January 11, 1999 12:00 PM

When it comes to performers, there’s the good, the bad—and the acts handled by Chuck Harris Known around Hollywood as the man who’ll manage talent no one else will touch, he specializes in “unusual people,” as he puts it. “I hate to call them freaks,” says Harris, 60, who books his hundred clients everywhere from Letterman to Las Vegas. “The word takes away from the element of class these kids have.”

Like: the Great Regurgitator, who swallows an unsolved Rubik’s Cube and appears to cough it up solved. Or Mr. Methane, who toots the refrain to “How Much Is That Doggie in the Window?” out the far end of his digestive tract. “He keeps a dignity to it,” Harris insists. “I’m not some small-time guy peddling one-legged dancers who can’t dance. I’d make sure the guy could dance.”

The Philadelphia native began honing his artistic sensibilities at age 5, when he joined his father, vaudevillian Chuck Miller, in a song-and-dance routine. Later he had small roles in 14 films and numerous TV series, including That Girl, did stand-up on USO tours and hosted variety shows. He turned to managing in 1987, when an agent friend referred a performer he found “too weird.” That was Christopher (his only name), who was then dancing with a line of puppet replicas of the Jackson Five and now works with four ersatz Village People. Harris took him from performing for free to making up to $2,500 a gig.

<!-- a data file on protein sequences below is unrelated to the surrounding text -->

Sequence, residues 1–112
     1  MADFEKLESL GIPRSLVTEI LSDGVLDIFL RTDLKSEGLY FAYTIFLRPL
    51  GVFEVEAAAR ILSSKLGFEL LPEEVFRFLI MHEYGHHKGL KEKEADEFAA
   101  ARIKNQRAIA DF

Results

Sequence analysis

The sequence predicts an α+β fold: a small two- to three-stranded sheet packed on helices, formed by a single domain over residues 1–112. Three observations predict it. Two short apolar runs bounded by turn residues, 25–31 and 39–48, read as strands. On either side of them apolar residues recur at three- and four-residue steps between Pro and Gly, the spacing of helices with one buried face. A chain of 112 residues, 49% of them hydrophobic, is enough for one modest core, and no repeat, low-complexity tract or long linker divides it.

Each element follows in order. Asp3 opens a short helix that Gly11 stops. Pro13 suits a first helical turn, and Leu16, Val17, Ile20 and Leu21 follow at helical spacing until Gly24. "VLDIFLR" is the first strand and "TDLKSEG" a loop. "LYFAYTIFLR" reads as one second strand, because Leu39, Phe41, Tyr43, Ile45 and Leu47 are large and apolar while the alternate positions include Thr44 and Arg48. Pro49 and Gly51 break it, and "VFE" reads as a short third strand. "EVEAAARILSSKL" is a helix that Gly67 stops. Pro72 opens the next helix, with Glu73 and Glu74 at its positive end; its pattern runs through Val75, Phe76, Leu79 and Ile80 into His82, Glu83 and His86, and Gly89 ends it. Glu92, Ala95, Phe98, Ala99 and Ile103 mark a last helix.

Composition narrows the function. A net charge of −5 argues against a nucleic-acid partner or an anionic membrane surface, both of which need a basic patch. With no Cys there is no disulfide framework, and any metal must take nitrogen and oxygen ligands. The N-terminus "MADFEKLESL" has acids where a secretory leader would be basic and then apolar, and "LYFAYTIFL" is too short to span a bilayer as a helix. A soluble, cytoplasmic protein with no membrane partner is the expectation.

To Harris’s four grown sons (by two ex-wives), their old man’s a hero. “He is like an angel in the corner for the losers,” says the youngest, collegian Adam Miller, 20. “They are the guys who no one wants, but he gives them respect.”

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